I’m Thinking Of Ending Things – Review

Cert – 15, Run-time – 2 hours 14 minutes, Director – Charlie Kaufman

When travelling through a blizzard to meet her boyfriend’s (Jesse Plemons) parents (David Thewlis, Toni Collette) a young woman (Jessie Buckley) begins to experience warped events that make her certain that she should end her relationship

One of the key lines of dialogue in Christopher Nolan’s Tenet is “don’t try to understand it, feel it”. The same advise could be given towards Charlie Kaufman’s latest piece of human observation, taking the form of a quasi-relationship-horror. However, it’s sometimes difficult to properly be able to engage with and ‘feel’ lengthy conversations as part of a long car journey in a blizzard. The conditions are harsh, cold and icy. Jessie Buckley’s character finds herself trapped in a cramped space – heightened by the box-like aspect ratio in which the film is shot in – with her boyfriend Jake (Jesse Plemons). She’s already sure that her relationship isn’t going where, finding herself repeating the words “I’m thinking of ending things” over and over again in her head. The reason for the car journey is so that she can meet Jake’s parents (played by David Thewlis and Toni Collette) for the first, and possibly last, time; she states early on that it’s unlikely that Jake will ever meet her parents, they don’t even know that he exists. Yet, here she finds herself on a long car journey in snowy conditions from the city to an isolated farmhouse.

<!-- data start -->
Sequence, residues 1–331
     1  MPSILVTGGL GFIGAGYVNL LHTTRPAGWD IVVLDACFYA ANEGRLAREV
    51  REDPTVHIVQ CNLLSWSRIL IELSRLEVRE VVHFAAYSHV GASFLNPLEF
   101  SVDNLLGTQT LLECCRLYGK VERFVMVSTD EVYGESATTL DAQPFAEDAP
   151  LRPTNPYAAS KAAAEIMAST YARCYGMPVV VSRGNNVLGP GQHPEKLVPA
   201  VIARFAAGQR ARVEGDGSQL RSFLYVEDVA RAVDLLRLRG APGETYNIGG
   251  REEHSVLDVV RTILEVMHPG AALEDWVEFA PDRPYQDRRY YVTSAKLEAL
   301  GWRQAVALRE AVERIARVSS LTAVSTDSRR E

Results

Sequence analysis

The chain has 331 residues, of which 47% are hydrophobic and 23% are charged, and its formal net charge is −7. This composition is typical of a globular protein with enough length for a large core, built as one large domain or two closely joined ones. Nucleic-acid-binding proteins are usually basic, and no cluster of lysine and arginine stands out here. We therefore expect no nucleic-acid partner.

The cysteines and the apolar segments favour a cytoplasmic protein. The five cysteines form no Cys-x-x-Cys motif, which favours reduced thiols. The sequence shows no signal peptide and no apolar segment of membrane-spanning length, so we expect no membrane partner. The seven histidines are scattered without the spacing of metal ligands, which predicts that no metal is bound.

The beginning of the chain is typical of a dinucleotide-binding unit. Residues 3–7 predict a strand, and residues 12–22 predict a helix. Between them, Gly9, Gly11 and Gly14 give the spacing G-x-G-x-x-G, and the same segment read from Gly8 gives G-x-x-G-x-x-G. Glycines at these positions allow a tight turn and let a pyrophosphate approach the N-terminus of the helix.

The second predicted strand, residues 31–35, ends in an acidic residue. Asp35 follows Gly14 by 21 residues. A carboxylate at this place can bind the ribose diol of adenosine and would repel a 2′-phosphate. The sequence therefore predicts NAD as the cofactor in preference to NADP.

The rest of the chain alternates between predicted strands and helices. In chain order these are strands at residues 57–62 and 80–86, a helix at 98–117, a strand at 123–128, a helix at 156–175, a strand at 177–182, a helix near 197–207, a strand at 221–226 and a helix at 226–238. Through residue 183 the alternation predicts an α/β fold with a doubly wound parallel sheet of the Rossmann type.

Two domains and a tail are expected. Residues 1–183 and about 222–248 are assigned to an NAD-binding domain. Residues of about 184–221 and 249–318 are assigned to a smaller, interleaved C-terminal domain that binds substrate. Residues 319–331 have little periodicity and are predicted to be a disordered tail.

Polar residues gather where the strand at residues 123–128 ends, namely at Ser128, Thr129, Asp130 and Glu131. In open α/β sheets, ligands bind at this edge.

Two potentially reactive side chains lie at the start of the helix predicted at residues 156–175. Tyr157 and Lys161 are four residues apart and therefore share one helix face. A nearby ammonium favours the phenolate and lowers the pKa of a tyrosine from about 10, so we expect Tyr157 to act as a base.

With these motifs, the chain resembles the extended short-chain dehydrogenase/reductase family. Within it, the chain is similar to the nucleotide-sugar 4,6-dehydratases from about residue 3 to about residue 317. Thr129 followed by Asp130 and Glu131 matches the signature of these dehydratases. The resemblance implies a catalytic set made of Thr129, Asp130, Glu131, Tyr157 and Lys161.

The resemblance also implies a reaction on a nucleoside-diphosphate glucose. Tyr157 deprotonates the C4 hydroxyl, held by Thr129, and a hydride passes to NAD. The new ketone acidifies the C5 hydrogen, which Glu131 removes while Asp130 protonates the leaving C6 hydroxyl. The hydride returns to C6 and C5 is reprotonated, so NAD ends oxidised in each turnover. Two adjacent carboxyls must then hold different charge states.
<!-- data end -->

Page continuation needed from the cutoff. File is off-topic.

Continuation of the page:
For the majority of the car journeys – one of which makes up the first 25 minutes of the film – the audience is seemingly locked outside of the car. The camera sits outside of the windows; the wipers monotonously going back and forth brushing the never ending white downfall that seems to come from nowhere. As the film’s somewhat mysterious protagonist, burdened by a multitude of equally mysterious spam phone calls, is locked inside, the viewer is locked outside simply as an observer. The conversation is limited and struggling. Jake certainly isn’t the most exciting person in the world – and this is something that Buckley’s voiceover, which fills a lot of the film, makes note of. It’s this voiceover that throughout much of these scenes the viewer is able to connect with, it’s the through world into most of the film’s events.

Much of the film is made up of extended scenes and moments. Aside from the conversations in the car there are almost real-time scenes around a dinner table or at a roadside ice cream shop. Through this the realism and humanity of the film is brought through, especially the way that it delves into relationships. However, unlike the likes of Anomalisa and Eternal Sunshine Of The Spotless Mind, both of which were penned by Kaufman, there’s a slight horror tone to the film. As things become warped and twisted within the home of Jake’s parents the look into the relationship seems to be put aside for the sake of looking at eerie events within the household, and the behaviour of Thewlis and Collette’s exceptionally performance characters. Not just their off the cuff comments such as “Billy Crystal’s a nancy” or their loud somewhat raspy gasp filled laughs that linger for a while after the joke respectively but their general physicality and appearance that seems to change, evolve and devolve around every corner; as if each new room is in a different time period.